south africa

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Making a general statement about African culture would be like saying the Italian and French culture is the same because they are both on the European continent. There may be some similarities, but surely a French person would think their culture is different than an Italian person and vice versa. There are 48 different countries, plus 6 islands which make up the continent of Africa. Each country has different people groups and each people group may have sub groups. To talk about African culture would do a disservice to the different people groups and their specific ways.

The country of South Africa, for example, located on the southernmost tip of Africa, has eleven official language groups. Each person has its own distinct worldview, heritage, history, and daily norms. To make a general statement that South Africans believe or act a certain way would not be respectful to those South Africans who may believe something very differently. You will find, for example, that some South African people groups or tribes have female monarchy passed down to daughters while others have kingships passed on to male heirs. Other groups do not have kings or queens at all. The history, traditions, beliefs, customs and daily cultural practices of these groups can be radically different from each other.

You will not be able to solve the problems people face in a few days. What can you do for them? You can pray for them, understand them, suffer with them and enjoy time together. Your presence gives them hope for a future. One of the most significant issues affecting Africa is poverty. Poverty is hunger, lack of shelter, being sick and not being able to see a doctor. Poverty is not being able to go to school, not knowing how to read, not having a job, fear of the future and living one day at a time. Poverty and AIDS produce fear and hopelessness in the hearts of entire village populations. It is these villages you will be serving to restore hope.

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South Africa is about twice the size of Texas, but has a population around 54 million. About 80% of the population is black African. About 19% of adults in South Africa have HIV. About 19% of all worldwide cases of HIV are in South Africa, though less than 1% of the world population is in South Africa.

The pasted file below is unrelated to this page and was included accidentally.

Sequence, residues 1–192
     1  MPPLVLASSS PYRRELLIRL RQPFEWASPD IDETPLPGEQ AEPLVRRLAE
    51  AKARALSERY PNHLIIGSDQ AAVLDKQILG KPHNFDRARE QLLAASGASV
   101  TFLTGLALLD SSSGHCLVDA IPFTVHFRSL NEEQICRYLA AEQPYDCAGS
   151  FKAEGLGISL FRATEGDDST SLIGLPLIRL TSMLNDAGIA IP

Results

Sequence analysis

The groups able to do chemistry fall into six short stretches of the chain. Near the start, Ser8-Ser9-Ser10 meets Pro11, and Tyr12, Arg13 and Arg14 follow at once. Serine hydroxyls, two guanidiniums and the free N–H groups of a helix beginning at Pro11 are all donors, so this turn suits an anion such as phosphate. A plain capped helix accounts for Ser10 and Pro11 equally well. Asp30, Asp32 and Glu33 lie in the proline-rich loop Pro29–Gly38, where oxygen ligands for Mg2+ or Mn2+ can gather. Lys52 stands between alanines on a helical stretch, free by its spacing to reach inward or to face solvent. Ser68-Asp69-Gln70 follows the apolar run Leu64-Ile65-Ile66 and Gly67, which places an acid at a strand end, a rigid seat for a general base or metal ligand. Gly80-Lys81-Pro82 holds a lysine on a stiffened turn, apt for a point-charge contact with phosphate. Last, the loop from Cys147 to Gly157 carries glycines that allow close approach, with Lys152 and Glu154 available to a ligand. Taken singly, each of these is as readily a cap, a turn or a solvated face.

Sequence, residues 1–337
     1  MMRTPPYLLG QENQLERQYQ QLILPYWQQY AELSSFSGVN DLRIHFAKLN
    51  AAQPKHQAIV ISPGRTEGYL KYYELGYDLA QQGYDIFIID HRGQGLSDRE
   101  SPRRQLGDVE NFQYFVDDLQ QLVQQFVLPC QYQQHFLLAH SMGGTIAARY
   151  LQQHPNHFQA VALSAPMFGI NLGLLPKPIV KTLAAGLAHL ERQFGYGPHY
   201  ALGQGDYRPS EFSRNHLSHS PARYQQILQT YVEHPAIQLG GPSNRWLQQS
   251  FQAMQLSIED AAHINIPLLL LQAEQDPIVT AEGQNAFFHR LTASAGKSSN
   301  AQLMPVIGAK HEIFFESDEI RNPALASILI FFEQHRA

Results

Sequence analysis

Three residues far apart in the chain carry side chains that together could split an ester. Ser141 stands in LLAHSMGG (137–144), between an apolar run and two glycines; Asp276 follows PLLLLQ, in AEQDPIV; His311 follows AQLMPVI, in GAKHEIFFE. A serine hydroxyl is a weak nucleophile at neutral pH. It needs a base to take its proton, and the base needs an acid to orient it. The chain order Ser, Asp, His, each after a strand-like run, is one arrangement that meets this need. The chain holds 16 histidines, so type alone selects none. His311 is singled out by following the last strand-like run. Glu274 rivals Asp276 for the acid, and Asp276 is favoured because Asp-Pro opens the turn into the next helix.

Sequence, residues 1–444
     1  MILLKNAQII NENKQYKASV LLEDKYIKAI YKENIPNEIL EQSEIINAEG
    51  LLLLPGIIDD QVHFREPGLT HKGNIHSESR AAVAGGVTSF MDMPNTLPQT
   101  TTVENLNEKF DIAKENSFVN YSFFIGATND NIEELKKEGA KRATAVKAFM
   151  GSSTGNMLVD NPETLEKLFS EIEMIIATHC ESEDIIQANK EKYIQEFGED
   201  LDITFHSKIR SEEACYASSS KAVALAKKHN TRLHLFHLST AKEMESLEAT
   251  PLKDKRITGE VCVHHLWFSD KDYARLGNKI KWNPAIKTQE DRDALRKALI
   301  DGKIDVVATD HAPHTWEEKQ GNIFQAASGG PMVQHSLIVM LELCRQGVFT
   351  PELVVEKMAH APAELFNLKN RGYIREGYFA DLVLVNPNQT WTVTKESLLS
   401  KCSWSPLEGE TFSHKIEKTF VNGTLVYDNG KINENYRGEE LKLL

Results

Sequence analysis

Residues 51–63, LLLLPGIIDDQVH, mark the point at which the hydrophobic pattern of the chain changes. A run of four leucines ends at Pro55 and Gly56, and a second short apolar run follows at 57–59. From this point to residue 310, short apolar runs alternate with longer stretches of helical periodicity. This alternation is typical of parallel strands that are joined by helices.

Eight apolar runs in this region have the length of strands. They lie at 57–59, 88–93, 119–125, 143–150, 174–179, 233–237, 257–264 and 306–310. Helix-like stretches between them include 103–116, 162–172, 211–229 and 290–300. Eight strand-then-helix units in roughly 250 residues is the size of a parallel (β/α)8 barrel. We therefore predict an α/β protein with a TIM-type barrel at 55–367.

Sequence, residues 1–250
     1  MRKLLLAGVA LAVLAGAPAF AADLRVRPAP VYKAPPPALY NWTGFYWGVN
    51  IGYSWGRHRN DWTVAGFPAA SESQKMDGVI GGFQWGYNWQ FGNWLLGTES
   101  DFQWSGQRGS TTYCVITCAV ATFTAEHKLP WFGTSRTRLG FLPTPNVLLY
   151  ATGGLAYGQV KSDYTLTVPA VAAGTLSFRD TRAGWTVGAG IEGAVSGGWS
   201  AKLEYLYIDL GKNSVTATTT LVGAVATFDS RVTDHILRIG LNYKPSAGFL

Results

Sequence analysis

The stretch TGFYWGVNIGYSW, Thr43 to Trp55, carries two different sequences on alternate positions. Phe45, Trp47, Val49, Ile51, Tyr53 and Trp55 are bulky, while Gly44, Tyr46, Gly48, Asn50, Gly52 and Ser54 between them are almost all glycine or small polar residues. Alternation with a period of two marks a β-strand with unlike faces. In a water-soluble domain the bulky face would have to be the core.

Per Capita GDP (Goods and Services Per Person):
South Africa $13,200
United States $55,800
World Average $15,800

Percentage With Access To Improved Water Sources:
South Africa 93%
United States 99%
World Average 91%

Percentage With Access To Improved Sanitation:
South Africa 66%
United States 100%
World Average 86%

Percentage With Internet Access:
South Africa 47%
United States 87%
World Average 39%

Income less than $100 per month:
Rural South Africain particular, and some urban areas, have exceptional poverty levels. Wikipedia shows that about 35% of the population lives on less than $3.10 per day.

Our Partners:
Grace Bible Church
Learn more about Grace Bible Church
Build the Future
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Our Partners

Grace Bible Church
Learn more about Grace Bible Church

Build the Future
Learn more about Build the Future

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South Africa has varied weather patterns depending on where you are in the country. The summer months run from October until April when most days are warm and sunny. Also, summer can be a rainy season depending on where you are going. The average maximum temperature is 80 degrees with some days exceeding 90 degrees. For summer months, lightweight clothing, short sleeves are best and a sweater for cooler evenings. Winter months are May-September and are much colder. The average maximum temperature is 55-75 degrees, but can drop below freezing at night. Dress in layers for mornings and evenings and the middle of the day can be quite warm.